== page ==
At my company, we currently use Atlassian Bamboo for our continuous integration tool. We currently use Java for all of our projects, so it works great.

However, we are considering using a Django + Python for one of our new applications. I was wondering if it is possible to use Bamboo for this.

First off, let me say that I have a low level of familiarity with Bamboo, as I've only ever used it, not configured it (other than simple changes like changing the svn checkout directory for a build).

Obviously there isn't a lot of point in just running a build (since Python projects don't really build), but I'd like to be able to use Bamboo for running the test suite, as well as use bamboo to deploy the latest code to our various test environments the way we do with our Java projects.

Does Bamboo support this type of thing with a Python project?

  • Old question. But I have added py.test as a Bamboo executable and simply use this to run the tests (with junit-xml output specified). Then the JUnit test parser needs to be run as a separate job. Commented Feb 16, 2016 at 8:55
  • @SamuelO'Malley can you post an example of how you got that to work?
    – MikeyE
    Commented Feb 11, 2018 at 23:37
  • 1
    @MikeyE - I have actually changed how it is done since this comment was posted. Now I was a Bamboo Script Task and have the contents as py.test --junit-xml results.xml and after that I have if [ $? -ne 0 ]; then echo "Test Failed"; fi to swallow the return code. Otherwise Bamboo won't allow you to quarantine an individual test result and will mark the whole Job as failed. Commented Feb 13, 2018 at 1:11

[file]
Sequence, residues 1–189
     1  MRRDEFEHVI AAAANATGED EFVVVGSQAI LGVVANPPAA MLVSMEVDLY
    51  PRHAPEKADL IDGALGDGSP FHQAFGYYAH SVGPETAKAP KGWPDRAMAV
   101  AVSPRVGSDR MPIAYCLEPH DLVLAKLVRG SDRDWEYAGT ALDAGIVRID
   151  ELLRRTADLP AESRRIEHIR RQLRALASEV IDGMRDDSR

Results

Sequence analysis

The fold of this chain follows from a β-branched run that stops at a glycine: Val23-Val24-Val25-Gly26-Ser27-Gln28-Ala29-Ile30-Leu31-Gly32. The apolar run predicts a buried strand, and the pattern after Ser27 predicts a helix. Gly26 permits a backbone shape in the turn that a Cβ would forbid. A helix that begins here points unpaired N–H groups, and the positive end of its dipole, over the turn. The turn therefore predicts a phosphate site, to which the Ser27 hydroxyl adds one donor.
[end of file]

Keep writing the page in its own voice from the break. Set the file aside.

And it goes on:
4 Answers 4


Bamboo essentially just runs a shell script, so this could just as easily be:

./manage.py test

as it typically is:

mvn clean install


ant compile

You may have to massage to output of the Django test runner into traditional JUnit XML output, so that Bamboo can give you pretty graphs on how many tests passed. Look at this post about using xmlrunner.py to get Python working with Hudson. Also take a look at NoseXUnit.


You can even add a bootstrap for pip and virtualenv on a clean environment quite easily, which is cool:

wget https://bootstrap.pypa.io/get-pip.py
python get-pip.py --root=${bamboo.build.working.directory}/tmp --ignore-installed
export PATH=${bamboo.build.working.directory}/tmp/usr/local/bin:$PATH
export PYTHONPATH=${bamboo.build.working.directory}/tmp/usr/local/lib/python2.7/dist-packages:$PYTHONPATH
pip install --root=${bamboo.build.working.directory}/tmp --ignore-installed virtualenv
virtualenv virtual_tmp
cd virtual_tmp
. bin/activate
echo Pip is located `which pip`
pip install django
pip install djangorestframework

Warning, source bin/activate does not work as the inline script tasks are stored into an sh file (so bash run it in sh compatibility mode).


Even better, we can run unit tests on the top of it, with xml outputs that can be parsed by the JUnit of bamboo:

pip install unittest-xml-reporting
python manage.py test --noinput --testrunner="xmlrunner.extra.djangotestrunner.XMLTestRunner"
  • @Raffi, can you elaborate a bit more on why source bin/activate does not work in file scripts? Been using it fine in inline scripts, but would like to move as much as possible to file scripts since it makes easier to maintain (version control, etc).
    – Xabs